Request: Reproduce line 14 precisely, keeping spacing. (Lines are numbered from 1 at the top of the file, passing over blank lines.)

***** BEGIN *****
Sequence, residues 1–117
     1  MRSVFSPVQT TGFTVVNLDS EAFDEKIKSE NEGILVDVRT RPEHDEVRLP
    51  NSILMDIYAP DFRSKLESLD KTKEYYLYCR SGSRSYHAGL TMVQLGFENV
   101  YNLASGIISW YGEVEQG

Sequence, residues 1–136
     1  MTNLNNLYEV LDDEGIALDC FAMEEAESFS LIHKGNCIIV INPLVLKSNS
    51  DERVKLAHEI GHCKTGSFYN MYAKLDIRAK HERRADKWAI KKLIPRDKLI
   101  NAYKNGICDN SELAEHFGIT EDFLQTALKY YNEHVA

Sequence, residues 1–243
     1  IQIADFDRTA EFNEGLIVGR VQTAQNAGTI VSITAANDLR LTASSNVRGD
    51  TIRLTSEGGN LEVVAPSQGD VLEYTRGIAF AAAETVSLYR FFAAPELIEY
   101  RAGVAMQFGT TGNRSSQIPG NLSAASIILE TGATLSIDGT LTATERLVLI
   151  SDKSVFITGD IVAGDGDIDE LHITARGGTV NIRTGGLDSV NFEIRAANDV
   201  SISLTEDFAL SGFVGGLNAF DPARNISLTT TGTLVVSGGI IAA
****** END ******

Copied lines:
   201  SISLTEDFAL SGFVGGLNAF DPARNISLTT TGTLVVSGGI IAA